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So, let $A=\mathbb{Z}/2\mathbb{Z}[X]$ and $ I=\{(X^2+X+1)P | P \in A \}$ I succeeded showing that this is the ideal, but now i have to find $A/I$, show that it have only 4 classes and find to what class corresponds elements like $X^3+X^2$ and $X^2+1$. I have some problems understanding the quotient groups. Mainly I considered looking at the wiki's page on quotients but there was sets and I arrived to the question.

It's very easy intuitevely follow that quotient is just mod n. But I dont understand the idea how to arrive to such result from having that $G/H=\{ xH | x \in G \}$.

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For rings, $G/H=\{H+x|x\in G\}$. –  Alex Becker Apr 21 '12 at 1:49
Could you please elaborate what sort of problems you have understanding quotient structures. It's difficult to answer that part of your query without knowing more precisely what the problems are. –  Bill Dubuque Apr 21 '12 at 2:08
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1 Answer

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Hint $\ $ Use the Division Algorithm to write $\rm\:f(x) = (x^2+x+1)\:q(x) + r(x),\ deg\ r \le 1.\:$ Thus, mod $\rm I = (x^2+x+1),\:$ every $\rm\:f(x)\in \mathbb F_2[x]\:$ is equivalent to a linear polynomial (degree $\le 1).\:$ Further, distinct linear polynomials are inequivalent mod I, else their difference would be a linear polynomial $\ne 0$ divisible by $\rm\:x^2 + x + 1.$ Thus the linear polynomials $\rm\: a\:x + b,\ a,b\in \mathbb F_2,\:$ are a complete system of representatives of the equivalence classes (cosets) of the quotient ring$\rm\:A/I.$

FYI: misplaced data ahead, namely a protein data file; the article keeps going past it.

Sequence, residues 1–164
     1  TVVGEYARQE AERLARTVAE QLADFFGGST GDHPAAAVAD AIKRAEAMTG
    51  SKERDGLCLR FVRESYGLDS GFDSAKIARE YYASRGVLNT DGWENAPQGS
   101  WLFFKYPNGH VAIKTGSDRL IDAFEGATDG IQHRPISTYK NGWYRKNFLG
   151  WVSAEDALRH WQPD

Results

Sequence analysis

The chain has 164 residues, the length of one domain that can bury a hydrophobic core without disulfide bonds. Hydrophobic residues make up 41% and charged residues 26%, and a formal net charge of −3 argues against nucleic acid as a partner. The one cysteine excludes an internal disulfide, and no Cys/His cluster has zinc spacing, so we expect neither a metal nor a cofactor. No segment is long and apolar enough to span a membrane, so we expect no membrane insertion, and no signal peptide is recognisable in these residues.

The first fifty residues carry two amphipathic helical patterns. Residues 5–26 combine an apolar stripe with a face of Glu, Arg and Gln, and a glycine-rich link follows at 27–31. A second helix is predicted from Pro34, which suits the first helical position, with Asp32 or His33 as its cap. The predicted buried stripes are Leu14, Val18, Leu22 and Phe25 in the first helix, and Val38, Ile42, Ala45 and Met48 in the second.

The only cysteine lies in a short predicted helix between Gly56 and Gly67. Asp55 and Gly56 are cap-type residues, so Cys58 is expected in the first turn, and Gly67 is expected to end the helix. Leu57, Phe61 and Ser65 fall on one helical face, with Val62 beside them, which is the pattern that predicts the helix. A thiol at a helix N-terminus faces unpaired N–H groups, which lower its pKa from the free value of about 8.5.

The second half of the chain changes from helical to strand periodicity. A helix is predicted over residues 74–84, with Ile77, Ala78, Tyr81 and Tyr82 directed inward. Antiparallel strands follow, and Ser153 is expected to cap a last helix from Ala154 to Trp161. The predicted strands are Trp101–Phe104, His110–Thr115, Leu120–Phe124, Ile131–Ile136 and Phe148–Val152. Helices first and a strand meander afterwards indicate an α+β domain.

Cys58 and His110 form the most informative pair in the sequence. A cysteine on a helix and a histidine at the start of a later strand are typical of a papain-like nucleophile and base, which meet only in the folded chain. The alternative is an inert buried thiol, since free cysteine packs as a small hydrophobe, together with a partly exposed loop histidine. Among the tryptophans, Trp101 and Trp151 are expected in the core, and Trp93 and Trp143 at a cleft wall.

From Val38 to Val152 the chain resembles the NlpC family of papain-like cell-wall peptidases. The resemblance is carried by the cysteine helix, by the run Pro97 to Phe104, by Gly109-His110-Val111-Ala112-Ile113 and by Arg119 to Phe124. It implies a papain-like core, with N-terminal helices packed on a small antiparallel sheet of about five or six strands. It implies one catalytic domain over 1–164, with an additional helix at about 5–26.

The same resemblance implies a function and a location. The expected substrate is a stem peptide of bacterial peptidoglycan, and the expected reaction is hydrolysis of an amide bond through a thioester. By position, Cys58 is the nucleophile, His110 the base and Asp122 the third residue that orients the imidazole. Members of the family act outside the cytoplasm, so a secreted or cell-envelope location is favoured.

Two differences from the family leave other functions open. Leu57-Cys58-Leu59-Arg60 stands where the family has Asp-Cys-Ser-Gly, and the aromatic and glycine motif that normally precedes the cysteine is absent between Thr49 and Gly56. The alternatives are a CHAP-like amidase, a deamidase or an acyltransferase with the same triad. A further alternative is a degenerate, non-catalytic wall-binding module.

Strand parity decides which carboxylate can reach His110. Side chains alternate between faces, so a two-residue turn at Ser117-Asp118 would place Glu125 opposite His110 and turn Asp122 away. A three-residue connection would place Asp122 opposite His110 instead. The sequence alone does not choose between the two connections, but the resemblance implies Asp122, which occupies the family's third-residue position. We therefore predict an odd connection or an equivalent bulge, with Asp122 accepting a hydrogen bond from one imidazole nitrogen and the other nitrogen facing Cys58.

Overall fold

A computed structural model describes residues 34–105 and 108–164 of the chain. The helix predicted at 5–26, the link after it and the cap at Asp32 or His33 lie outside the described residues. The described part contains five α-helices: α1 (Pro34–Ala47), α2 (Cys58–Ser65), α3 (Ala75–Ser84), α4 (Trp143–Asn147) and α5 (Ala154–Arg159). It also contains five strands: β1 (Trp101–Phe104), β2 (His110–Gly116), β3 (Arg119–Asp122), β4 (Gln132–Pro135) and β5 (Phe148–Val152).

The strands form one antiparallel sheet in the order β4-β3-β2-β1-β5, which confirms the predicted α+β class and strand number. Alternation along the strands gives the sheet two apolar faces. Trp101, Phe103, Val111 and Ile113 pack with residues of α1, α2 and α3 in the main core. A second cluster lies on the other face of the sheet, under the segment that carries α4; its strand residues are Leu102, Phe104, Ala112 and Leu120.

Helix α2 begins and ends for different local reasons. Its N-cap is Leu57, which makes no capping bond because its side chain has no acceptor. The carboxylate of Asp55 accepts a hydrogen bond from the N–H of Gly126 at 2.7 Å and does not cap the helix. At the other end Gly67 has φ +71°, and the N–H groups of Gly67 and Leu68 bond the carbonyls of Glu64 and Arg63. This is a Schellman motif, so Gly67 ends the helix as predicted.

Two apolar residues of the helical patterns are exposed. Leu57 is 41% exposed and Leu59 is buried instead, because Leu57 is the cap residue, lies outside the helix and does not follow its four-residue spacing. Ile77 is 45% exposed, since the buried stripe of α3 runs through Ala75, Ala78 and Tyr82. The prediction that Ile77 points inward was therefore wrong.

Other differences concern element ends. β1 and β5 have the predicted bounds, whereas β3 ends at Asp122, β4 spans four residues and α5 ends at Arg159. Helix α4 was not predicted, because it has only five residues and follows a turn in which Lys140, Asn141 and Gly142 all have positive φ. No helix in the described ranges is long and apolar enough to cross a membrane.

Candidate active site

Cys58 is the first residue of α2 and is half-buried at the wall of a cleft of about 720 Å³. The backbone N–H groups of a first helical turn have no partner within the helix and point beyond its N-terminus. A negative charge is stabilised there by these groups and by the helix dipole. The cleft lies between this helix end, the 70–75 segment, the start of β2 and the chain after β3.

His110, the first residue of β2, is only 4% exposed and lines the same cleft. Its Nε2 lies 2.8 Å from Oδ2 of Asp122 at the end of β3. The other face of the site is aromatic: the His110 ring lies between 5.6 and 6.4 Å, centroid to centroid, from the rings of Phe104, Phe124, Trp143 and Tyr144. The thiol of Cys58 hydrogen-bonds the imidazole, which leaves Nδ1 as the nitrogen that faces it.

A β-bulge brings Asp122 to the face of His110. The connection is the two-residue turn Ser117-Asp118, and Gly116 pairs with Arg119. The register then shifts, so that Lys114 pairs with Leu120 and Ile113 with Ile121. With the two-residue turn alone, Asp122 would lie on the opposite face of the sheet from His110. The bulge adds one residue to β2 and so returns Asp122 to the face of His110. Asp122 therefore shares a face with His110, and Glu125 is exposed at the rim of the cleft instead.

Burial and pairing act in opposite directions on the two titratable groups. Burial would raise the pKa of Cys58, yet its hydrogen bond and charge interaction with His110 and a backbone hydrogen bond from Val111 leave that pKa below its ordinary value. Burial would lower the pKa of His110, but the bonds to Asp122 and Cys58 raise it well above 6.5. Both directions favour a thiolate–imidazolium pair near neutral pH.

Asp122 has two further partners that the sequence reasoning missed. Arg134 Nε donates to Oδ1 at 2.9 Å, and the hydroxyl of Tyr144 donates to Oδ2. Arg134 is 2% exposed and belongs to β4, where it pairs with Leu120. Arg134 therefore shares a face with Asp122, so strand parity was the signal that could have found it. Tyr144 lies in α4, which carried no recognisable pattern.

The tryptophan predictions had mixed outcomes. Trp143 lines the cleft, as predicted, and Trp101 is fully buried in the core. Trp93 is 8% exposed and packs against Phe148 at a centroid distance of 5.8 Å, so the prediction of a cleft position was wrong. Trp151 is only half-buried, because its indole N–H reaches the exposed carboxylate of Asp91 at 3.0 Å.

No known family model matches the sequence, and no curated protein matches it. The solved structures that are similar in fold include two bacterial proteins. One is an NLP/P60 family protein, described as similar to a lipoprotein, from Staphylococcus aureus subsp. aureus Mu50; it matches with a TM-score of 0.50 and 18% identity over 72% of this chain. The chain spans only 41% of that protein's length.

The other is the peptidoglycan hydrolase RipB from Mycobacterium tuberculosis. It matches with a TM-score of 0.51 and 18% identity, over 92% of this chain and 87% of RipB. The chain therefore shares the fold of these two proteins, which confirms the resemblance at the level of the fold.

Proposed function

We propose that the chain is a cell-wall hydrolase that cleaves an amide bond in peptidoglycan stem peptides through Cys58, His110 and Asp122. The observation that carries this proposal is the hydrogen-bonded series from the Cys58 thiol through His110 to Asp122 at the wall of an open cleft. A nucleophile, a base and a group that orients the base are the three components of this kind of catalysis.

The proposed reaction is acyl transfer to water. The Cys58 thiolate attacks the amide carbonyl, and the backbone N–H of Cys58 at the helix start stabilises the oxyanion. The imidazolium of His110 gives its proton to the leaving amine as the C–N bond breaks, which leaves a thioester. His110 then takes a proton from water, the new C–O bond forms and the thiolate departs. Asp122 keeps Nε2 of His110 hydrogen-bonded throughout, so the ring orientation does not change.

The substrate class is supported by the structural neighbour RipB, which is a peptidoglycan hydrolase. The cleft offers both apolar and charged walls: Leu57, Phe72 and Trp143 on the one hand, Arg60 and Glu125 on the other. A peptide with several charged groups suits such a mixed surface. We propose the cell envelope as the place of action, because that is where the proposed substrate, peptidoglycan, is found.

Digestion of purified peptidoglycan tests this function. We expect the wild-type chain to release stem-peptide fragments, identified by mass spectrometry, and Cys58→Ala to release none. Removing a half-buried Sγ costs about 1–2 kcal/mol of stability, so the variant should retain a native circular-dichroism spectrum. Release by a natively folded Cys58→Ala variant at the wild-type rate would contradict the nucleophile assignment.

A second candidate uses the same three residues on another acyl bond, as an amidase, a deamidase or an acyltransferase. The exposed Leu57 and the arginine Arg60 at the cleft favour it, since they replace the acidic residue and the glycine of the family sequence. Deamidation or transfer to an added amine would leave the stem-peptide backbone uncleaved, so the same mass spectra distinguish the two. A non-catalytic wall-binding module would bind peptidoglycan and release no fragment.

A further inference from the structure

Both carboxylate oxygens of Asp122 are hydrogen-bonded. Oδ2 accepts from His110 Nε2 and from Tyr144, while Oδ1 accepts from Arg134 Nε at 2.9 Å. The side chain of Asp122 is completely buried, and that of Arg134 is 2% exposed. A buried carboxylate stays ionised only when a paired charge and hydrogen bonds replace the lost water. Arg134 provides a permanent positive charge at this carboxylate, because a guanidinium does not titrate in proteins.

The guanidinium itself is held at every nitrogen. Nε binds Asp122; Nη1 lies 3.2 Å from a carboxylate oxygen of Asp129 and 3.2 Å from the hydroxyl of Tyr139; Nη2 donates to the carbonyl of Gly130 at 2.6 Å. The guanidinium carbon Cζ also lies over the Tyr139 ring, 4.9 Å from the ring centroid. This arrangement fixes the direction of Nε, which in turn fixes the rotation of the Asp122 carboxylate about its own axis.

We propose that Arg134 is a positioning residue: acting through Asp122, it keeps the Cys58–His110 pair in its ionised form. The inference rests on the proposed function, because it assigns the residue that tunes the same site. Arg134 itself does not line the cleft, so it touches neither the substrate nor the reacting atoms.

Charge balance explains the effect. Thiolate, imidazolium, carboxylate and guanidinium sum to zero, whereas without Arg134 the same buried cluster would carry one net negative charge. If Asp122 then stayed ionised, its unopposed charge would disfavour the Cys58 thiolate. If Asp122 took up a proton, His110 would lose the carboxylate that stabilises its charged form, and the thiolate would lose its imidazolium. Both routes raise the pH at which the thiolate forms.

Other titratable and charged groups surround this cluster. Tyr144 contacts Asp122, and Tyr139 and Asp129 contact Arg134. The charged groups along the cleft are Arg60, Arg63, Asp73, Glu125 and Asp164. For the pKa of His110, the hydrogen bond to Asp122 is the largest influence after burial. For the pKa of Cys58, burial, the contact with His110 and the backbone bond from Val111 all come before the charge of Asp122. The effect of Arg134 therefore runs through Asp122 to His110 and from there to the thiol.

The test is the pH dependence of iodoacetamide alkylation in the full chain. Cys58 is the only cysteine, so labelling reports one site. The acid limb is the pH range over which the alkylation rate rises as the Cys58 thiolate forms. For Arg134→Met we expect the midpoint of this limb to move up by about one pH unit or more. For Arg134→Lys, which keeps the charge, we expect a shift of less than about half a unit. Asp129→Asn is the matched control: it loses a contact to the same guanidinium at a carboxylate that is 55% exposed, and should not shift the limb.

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Thus, mod I = (x^2+x+1), every $\rm\:f(x)\in \mathbb F_2[x]\:$ is equivalent to a linear polynomial (i.e. degree $\le 1)\:$ Cant understand this line.. Why? –  user974514 Apr 21 '12 at 2:07
Modulo $\rm\:(g),\ \ g\:\equiv\: 0\ \Rightarrow\ g\:q + r\:\equiv\: 0\cdot q + r\:\equiv\: r.\:$ Above $\rm\: g = x^2+x+1.\:$ Such polynomial congruence arithmetic is analogous to congruence arithmetic of integers mod $\rm\:m\:$. Both cases employ the Euclidean Algorithm to reduce elements to their "smaller" normal-form representatives. –  Bill Dubuque Apr 21 '12 at 2:18
As far as i can get $A$ is any polynomial of degree $n$. $I$ is the same polynomials but multiplied by $(X^2+X+1)$? Zero class will be equal to class of $X^2+X+1$ so we have left $1$, $X$, $X+1$ ? –  user974514 Apr 21 '12 at 2:18
$A = \mathbb F_2[x]$ is the ring of all polynomials with coefficients in the field of two elements. $I$ is the prinicpal ideal $(g) = g A$ of all multiples of $g = x^2+x+1$. Yes, those four classes form a complete system of reps of $A/I$, by the reasoning in the above answer. –  Bill Dubuque Apr 21 '12 at 2:29
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